It was a very solemn, formal affair with lots of poetry, and formal waltzes with the Quinceañera as the centerpiece of attention.

I was expecting more of the same and figured it would be a little boring.
Waiting to Begin
Similar Traditions
Customs in the smaller towns in Mexico are a lot more formal and serious than in the cities.

When the announcer began the ceremony, and the modern music began.

I was surprised at how the tradition had changed into an unexpected performance similar to a program on MTV.

Aside from the traditional format, it was far removed from its origins during the times of the French Occupation of Mexico in the 19th century.

These kids must have been practicing the dance routines for several months.

The Quinceañera
The Formalities Start
The formalities started with a bang!

The music began with a break dance song.

I realized this was like not the formal Quinceañera dance I had attended in Houston.

It appeared more like performers from an MTV production. They were really good!

These small town kids had choreographed it well and must have spent months practicing the steps.

One moment the Chambelanes were down on the floor on one elbow, then, another the were doing a kick number.

And I began to watch a little closer. This was not an ordinary traditional performance in a small farming town.

I realized I was probably witnessing the evolution of a ritual started centuries ago.
The Presentation with the Chambelanes
The Chambelanes
Chambelanes are the formal escorts for the Quinceañera.

They are like assistants or maybe like older brothers.

The word sounds like "Chamberlain", and that´s probably where the word came from.

In the large Quinceañera celebrations there are many more Chambelanes.

Some of the very formal celebrations look like something from the finest court in France.
A Dance with her Father
A Dance with her Father
At the conclusion of the preliminary dances with the chambelanes, the master of ceremonies began the formal introductions.

He gave presentations of the parents and padrinos who are good friends of the family and also sponsors of the event.

The parents and the sponsors take their places at the head table and watch as the dance continues.

There is a point in the formalities when she dances with her father.

And it is a very moving moment to see father and daughter dancing a slow formal waltz like in the old days when the French were here.

Spectacular Choreography
Afterwards the dance routine resumed with more spectacular choreography.
High in the Air
A Swoon
The Circle
Other Formalities
Another point in the formalities, a group the younger adolescent girls formed in a protective circle around the Quinceañera.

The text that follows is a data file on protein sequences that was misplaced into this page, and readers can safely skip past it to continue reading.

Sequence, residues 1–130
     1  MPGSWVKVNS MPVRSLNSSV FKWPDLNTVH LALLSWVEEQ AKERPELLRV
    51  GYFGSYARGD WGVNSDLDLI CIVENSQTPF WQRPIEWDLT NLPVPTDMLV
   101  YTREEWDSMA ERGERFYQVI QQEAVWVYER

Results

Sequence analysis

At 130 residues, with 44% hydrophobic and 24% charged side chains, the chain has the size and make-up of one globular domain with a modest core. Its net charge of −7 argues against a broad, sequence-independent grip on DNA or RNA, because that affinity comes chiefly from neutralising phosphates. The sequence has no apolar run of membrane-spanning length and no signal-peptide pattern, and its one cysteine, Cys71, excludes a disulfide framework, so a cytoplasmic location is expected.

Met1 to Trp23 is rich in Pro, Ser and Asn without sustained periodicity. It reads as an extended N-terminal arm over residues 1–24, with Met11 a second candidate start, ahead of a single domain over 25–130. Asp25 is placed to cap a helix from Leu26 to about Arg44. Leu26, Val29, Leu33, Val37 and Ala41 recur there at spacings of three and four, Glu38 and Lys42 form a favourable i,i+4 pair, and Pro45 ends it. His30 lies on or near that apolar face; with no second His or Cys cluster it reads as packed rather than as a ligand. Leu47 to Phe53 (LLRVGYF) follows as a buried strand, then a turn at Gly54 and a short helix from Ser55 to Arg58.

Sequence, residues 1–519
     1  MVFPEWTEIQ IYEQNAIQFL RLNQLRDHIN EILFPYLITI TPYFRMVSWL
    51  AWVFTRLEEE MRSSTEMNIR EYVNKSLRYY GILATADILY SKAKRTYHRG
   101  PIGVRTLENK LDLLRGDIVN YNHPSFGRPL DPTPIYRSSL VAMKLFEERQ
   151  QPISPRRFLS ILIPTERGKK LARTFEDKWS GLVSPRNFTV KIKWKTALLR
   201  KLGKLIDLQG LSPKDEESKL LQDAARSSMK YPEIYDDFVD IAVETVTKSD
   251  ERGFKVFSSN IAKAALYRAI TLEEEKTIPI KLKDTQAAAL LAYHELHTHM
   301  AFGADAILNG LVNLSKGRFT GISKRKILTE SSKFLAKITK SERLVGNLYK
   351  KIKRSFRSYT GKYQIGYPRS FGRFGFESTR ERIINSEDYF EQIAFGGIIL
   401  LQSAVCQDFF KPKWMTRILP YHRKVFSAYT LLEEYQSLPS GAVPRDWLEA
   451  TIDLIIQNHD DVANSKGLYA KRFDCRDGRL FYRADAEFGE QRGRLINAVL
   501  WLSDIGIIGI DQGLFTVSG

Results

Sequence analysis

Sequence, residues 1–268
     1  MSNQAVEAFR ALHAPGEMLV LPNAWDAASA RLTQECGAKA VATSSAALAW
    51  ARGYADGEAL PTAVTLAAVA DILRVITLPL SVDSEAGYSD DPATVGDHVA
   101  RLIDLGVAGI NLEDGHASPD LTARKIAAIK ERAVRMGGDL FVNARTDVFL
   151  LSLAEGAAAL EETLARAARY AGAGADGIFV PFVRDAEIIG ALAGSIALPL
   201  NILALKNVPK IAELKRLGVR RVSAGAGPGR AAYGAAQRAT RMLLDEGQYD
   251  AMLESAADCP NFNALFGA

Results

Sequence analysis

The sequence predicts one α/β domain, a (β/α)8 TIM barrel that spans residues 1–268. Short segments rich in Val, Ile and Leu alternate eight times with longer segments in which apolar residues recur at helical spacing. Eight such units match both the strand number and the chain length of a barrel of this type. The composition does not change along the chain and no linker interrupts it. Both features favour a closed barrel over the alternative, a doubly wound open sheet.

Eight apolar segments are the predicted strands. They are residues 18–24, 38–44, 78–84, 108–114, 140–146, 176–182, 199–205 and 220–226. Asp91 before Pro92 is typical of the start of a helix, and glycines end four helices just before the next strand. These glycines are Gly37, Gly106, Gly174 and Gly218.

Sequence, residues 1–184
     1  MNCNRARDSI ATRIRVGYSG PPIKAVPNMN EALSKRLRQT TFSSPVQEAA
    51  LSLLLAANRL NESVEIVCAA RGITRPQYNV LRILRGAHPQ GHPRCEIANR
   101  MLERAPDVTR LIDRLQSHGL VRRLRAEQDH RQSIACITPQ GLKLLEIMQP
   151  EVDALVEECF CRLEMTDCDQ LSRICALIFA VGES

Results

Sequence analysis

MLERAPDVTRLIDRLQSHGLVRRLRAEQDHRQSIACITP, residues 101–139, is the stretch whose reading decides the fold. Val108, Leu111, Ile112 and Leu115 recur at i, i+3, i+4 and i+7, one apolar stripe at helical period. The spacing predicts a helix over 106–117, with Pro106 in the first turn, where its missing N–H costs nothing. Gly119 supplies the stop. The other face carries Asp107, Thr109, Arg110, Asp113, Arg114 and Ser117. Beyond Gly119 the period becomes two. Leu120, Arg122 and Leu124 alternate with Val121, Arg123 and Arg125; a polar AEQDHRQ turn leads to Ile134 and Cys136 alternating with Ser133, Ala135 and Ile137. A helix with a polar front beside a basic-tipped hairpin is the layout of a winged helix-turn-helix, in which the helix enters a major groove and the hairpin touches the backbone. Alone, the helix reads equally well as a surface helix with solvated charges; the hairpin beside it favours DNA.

Then other boys and friends of the Quinceañera were allowed to dance with her.

It was similar to the last dance of a bride at the wedding I attended earlier in the year.
A Toast to the Quinceañera
A Toast to the Quinceañera
When the formal dances are finished, the Quinceañera and her Chambelanes join the parents and the padrinos at the head table.

The master of ceremonies talks about the changes from a child to a woman. She takes her first symbolic drink of champagne.

The rest of us attending the celebration join in the toast, in recognition and welcome to her new status. She is no longer a child.

It is a solemn moment while each of us ponder the words of the announcer.
Luis´s Brother and Girlfriend
Invitation to the Next Quinceañera
With the formalities over, couples began to join the others on the dance floor.

I turned and talked to Luis´s brother and his girlfriend for awhile.

Luis´s father asked me if I had liked the celebration, and I told him that I did.

"My wife and I will be sponsors at another Quinceañera celebration, and you are invited to come," he said

That was nice.

"Just let me know when it is," I replied. "I´ll be there."
As we were walking out into the street, I recognized some people from the wedding several months before, and we stopped to shake hands and talked for awhile.

When we were walking down the dusty road back to the house, I was thinking about all the good food, music, and my next trip.

I asked Luis, "I wonder how I can ever repay these people?"

He said, "Relax, here in Veracruz, we don´t think about such things. It always works out in the end. It was a good party, wasn´t it."

As I drove back to Veracruz, I thought how I was looking forward to the next time I see Luis´s family again.

I was fortunate to have found this little village in Mexico near Veracruz, where daily life is not yet complicated and people have fun. It was a good fiesta!